Law of Joint Enterprise

The Supreme Court has ruled that the law concerning joint enterprise, in which co-accused could be convicted of murder even if they do not administer the fatal blow, had taken a “wrong turn” in the 1980s. Following yesterday’s announcement the Crown Prosecution Service will now have to prove that an individual has actively assisted in, or encouraged, the killing to secure a conviction for murder. Law of Joint Enterprise: Has the Supreme Court restored balance to the scales of justice?

Categories:

Can Consent be Retrospectively Withdrawn?

By Tom Hanlon at 00:00

With the globalisation of social media and the Smartphone being the ever present medium by which news is accessed; key influencers such as newspapers, websites, magazines, bloggers, freelance journalists and broadcasters bombard us with a constant stream of articles and posts. But sometimes a unique story breaks through the noise which captures the public’s attention and raises important questions and debates. An example of this can be seen with an emotive, divisive and perplexing criminal trial in the North West. In brief, a female defendant posed as a male (allegedly creating an alter ego) and engaged in a sexual relationship with a female. The fundamental confusion in this case - based on the national press coverage and social media activity across Facebook and Twitter - comes down to the basic question, whether the complainant consented?

Categories:

The Court Failed the Oscar Pistorius Verdict

By Solicitor at 00:00

It’s the trial that’s captured the fascination of the world’s press and people since it began on 3rd March 2014 – that of Oscar Pistorius and the Valentine’s Day murder of model girlfriend Reeva Steenkamp in Pretoria, South Africa. Eventual sentencing on 21st October 2014 saw the Paraolympian sentenced for ‘culpable homicide’ the equivalent to that of manslaughter in UK law, a decision that was met with mixed reactions with just five years imprisonment.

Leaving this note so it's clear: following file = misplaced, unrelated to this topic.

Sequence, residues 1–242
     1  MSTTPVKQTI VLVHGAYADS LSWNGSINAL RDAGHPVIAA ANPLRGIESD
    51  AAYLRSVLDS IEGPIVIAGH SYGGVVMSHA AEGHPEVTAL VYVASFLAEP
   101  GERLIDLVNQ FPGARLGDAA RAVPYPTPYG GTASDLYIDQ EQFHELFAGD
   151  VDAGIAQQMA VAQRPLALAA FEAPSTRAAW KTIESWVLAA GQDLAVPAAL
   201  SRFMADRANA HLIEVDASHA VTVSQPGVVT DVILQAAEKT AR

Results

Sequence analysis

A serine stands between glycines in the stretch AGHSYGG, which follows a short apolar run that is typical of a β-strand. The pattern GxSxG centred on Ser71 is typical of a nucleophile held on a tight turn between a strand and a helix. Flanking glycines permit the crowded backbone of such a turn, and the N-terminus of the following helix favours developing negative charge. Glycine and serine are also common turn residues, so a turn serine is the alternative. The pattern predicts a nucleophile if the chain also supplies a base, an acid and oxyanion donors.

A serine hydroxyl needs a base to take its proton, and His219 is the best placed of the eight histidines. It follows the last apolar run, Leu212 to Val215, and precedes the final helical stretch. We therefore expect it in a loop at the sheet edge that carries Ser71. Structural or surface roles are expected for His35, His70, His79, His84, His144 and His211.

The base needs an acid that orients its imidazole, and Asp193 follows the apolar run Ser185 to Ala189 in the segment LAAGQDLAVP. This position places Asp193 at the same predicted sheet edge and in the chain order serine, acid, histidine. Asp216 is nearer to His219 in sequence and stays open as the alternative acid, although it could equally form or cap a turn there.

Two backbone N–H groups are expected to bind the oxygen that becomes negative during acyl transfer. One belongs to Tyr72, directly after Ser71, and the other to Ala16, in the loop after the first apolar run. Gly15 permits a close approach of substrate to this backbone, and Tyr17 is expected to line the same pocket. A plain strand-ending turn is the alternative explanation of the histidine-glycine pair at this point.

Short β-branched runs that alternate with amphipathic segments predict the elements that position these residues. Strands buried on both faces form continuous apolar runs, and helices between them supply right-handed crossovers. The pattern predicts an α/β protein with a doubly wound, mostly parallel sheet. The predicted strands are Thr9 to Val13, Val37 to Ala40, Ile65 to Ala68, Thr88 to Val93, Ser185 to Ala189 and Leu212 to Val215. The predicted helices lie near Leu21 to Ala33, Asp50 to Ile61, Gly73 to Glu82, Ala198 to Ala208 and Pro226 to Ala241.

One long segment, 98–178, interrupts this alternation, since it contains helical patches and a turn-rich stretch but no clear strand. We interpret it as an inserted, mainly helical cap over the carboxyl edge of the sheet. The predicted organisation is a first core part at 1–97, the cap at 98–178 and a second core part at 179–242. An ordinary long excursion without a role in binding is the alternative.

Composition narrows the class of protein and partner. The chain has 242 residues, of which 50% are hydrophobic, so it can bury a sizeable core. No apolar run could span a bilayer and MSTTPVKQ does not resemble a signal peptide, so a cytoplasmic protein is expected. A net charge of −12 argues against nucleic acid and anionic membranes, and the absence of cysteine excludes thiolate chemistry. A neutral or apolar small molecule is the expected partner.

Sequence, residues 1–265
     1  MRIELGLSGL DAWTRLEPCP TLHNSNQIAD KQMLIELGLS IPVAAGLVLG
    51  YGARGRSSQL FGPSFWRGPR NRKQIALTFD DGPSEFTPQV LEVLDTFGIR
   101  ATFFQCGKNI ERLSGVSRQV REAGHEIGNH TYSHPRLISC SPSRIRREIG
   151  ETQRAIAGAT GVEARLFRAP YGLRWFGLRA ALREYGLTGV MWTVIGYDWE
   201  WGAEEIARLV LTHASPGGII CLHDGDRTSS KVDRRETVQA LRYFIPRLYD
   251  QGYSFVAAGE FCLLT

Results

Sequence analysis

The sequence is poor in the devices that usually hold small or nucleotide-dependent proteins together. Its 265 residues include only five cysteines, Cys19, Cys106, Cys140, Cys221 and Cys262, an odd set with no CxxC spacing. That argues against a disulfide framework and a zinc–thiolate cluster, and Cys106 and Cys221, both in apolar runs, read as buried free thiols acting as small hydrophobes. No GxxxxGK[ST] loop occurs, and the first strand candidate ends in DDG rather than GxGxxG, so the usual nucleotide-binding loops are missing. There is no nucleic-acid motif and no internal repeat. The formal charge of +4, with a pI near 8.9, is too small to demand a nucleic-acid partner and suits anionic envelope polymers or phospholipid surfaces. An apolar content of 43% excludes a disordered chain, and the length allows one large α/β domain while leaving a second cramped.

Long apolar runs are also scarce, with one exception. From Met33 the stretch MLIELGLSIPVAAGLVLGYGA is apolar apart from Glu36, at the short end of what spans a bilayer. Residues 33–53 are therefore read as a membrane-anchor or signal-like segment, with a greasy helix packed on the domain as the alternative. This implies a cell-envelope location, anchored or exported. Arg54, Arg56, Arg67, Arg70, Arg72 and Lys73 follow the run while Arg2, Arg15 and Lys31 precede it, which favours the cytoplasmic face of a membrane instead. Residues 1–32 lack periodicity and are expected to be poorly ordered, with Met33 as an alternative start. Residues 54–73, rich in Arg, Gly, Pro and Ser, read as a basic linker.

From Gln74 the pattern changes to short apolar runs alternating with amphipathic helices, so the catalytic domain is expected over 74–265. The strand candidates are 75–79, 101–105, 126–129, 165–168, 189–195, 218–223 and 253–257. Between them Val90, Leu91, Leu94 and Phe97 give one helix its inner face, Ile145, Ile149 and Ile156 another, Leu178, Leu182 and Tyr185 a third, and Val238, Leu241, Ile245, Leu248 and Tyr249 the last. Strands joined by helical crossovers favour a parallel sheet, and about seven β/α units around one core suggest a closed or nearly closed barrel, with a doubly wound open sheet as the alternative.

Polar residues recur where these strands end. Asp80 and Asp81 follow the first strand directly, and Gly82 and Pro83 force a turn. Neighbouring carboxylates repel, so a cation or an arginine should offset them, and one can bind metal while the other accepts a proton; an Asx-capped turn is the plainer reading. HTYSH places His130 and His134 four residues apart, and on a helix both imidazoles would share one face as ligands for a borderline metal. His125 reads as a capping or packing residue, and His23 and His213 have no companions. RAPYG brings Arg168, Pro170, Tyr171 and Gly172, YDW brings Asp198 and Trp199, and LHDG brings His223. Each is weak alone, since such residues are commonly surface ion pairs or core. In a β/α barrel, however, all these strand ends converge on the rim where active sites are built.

Categories:

Does the Dock in Court Prejudice Defendants?

By Solicitor at 00:00

In its recent report, JUSTICE, the all party law reform and human rights organisation, called for the abolition of the dock and recommended alternative strategies. The findings of this report make surprising and compelling reading. For those unfamiliar with court proceedings, in criminal trials of adults, those remanded in custody will appear in court in a secure glass dock and if they are on bail, they often appear in an open dock rising to waist height. As a criminal defence lawyer I am well accustomed to the layout of the criminal court but have not previously given much thought to the defendant’s positioning and how the physical presence of a dock may influence our subconscious.

Categories:

As a criminal lawyer you become naturally entwined with the role of our Criminal Justice System. I witness the impact it has on the lives of my clients and their families every day, so when the opportunity came to attend the ‘United Against Injustice Annual Conference’ with my colleague, Post Conviction expert, Joe Ely, I knew I had to be there.

Categories:

Error loading MacroEngine script (file: /uBlogsy/uBlogsyListCategories.cshtml)